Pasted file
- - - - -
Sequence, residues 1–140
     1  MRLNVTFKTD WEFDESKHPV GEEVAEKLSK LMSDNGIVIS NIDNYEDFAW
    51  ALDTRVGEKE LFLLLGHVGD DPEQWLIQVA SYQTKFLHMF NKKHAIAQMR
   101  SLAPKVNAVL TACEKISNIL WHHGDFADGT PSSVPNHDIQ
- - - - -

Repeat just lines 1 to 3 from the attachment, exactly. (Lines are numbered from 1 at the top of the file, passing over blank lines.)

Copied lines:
Sequence, residues 1–140
     1  MRLNVTFKTD WEFDESKHPV GEEVAEKLSK LMSDNGIVIS NIDNYEDFAW
    51  ALDTRVGEKE LFLLLGHVGD DPEQWLIQVA SYQTKFLHMF NKKHAIAQMR